The operations should be representative of realistic browsing behaviour.  Obviously, the memory consumption has to increase each time you finish a sequence, but you don’t want to just open new pages.  A better sequence might look like “open in a new tab, follow some links, do some interaction, open three child pages, close two of them”.

And it would be interesting to run this test on a range of physical memory sizes, to emulate different machines such as smartphones, netbooks, desktops.  Fortunately, you can do this on Linux;  I’m not sure about other OSes.

I think a benchmark (or several benchmarks) like this would be challenging but not impossible to create.  It would be very valuable, because it measures a metric that directly affects users (page faults) rather than one that indirectly affects them (memory consumption).  It would be great to use as the workload under Julian Seward’s VM simulator, in order to find out which parts of the browser are causing page faults.  It might make catch managers’ eyes as much as does.  And finally, it would provide an interesting way to compare the memory “usage” (i.e. the stress put on the memory system) of different browsers, in contrast to comparisons of memory consumption which are difficult to interpret meaningfully.


Faster JavaScript parsing

Over the past year or so I’ve almost doubled the speed of SpiderMonkey’s JavaScript parser.  I did this by speeding up both the scanner (bug 564369, bug 584595, bug 588648, bug 639420, bug 645598) and the parser (bug 637549).  I used patch stacks in several of those bugs, and so in those six bugs I actually landed 28 changesets.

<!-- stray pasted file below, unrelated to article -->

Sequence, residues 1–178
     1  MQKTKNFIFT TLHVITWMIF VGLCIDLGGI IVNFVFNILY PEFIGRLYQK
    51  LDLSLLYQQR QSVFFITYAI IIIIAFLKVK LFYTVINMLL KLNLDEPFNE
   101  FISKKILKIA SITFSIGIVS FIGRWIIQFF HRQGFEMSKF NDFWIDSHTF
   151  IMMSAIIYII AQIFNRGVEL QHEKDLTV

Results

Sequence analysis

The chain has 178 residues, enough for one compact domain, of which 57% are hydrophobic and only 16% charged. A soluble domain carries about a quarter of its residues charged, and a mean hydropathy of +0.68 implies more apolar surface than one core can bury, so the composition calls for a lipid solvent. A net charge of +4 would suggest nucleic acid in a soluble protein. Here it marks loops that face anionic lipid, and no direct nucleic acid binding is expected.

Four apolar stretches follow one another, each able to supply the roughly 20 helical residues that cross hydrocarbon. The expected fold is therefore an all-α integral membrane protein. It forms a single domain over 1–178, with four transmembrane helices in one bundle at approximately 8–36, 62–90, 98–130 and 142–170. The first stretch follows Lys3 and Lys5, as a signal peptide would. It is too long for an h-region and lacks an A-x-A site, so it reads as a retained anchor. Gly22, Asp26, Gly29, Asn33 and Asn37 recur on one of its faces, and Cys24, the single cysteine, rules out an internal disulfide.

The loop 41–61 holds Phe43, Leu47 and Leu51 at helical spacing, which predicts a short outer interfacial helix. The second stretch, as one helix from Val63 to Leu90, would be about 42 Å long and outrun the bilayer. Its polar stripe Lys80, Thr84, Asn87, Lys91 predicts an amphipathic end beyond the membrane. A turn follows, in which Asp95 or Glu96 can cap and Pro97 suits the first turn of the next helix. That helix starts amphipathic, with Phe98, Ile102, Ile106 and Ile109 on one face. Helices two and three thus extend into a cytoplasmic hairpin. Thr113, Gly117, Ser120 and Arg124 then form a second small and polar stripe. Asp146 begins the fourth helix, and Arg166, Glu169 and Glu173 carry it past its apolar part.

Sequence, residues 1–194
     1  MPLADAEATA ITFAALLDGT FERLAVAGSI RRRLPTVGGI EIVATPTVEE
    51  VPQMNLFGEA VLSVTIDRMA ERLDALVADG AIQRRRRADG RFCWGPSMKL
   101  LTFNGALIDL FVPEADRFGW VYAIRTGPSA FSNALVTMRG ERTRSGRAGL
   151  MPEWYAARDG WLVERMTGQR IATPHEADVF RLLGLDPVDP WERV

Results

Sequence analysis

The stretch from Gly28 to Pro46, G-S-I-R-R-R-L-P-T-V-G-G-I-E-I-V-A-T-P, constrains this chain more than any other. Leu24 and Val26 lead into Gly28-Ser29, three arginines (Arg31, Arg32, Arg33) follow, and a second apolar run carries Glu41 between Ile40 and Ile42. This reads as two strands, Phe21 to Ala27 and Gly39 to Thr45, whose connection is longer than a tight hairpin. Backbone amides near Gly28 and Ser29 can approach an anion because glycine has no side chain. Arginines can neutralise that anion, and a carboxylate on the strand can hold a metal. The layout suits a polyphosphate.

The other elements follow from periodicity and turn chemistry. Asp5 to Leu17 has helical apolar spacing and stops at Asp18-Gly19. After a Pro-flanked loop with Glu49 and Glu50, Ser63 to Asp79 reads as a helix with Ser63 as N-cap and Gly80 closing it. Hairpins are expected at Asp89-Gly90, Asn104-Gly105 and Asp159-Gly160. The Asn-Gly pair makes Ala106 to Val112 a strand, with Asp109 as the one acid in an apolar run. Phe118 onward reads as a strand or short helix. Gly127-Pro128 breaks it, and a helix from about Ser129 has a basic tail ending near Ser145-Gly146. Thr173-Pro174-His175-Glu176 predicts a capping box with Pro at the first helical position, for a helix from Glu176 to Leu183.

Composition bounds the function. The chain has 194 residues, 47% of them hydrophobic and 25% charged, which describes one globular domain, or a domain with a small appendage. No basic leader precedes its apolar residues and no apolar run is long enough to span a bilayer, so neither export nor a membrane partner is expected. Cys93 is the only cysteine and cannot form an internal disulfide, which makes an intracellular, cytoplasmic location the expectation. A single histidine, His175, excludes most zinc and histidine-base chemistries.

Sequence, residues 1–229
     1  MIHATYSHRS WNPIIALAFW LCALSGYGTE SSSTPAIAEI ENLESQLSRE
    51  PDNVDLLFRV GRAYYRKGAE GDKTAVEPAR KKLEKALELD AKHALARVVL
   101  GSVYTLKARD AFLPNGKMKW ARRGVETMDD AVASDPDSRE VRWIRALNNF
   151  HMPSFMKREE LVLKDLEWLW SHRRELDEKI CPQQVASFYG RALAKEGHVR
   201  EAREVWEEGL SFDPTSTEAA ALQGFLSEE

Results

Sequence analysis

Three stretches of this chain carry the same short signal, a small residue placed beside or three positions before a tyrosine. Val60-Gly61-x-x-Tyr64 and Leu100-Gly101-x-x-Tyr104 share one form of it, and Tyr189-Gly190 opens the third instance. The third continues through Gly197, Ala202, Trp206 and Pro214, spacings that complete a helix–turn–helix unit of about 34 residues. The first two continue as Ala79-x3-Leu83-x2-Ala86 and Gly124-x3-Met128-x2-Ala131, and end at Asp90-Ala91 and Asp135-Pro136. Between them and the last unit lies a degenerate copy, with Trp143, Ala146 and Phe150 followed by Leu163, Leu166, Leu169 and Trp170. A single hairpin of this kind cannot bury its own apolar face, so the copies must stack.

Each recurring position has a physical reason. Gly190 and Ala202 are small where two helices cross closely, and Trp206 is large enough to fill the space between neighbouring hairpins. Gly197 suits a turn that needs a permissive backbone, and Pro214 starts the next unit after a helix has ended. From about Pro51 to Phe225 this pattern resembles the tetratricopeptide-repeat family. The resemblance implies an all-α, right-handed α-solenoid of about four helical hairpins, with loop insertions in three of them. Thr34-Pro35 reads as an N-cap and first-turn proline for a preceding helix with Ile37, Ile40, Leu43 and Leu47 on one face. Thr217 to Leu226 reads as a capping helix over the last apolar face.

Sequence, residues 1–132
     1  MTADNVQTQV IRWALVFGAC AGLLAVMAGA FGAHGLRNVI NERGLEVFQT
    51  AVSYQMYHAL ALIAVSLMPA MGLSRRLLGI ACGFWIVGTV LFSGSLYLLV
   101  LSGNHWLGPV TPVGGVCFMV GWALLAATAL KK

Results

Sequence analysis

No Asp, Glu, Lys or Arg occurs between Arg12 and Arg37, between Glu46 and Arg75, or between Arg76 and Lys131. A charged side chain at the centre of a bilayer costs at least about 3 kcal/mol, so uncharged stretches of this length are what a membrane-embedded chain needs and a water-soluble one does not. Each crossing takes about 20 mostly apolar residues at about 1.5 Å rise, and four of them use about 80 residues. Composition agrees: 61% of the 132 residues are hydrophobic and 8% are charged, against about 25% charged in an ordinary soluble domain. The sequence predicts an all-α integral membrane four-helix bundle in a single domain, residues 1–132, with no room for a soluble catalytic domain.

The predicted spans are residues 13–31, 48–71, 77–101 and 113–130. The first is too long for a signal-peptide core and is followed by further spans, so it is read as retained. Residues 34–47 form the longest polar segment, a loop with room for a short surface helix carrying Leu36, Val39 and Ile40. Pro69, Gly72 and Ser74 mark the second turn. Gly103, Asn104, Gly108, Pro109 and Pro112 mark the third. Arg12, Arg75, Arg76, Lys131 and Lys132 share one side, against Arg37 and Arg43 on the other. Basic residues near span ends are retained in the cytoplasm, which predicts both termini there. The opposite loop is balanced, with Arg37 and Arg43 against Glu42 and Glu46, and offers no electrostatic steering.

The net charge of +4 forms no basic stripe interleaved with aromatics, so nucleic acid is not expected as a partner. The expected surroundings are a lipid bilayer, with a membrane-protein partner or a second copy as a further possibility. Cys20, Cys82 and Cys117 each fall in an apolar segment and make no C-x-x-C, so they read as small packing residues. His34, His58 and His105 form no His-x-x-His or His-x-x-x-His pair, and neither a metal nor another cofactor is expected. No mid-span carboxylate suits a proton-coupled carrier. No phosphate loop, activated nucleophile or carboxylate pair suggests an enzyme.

Notable things about scanning JavaScript code

Before I explain the changes I made, it will help to explain a few notable things about scanning JavaScript code.

  • JavaScript is encoded using UCS-2.  This means that each character is 16 bits.
  • There are several character sequences that indicate the end of a line (EOL): ‘\n’, ‘\r’, ‘\r\n’, \u2028 (a.k.a. LINE_SEPARATOR), and \u2029 (a.k.a. PARA_SEPARATOR).  Note that ‘\r\n’ is treated as a single character.
  • JavaScript code is often minified, and the characteristics of minified and non-minified code are quite different.  The most important difference is that minified code has much less whitespace.

Scanning improvements

Before I made any changes, there were two different modes in which the scanner could operate.  In the first mode, the entire character stream to be scanned was already in memory.  In the second, the scanner read the characters from a file in chunks a few thousand chars long.  Firefox always uses the first mode (except in the rare case where the platform doesn’t support mmap or an equivalent function), but the JavaScript shell used the second.  Supporting the second made made things complicated in two ways.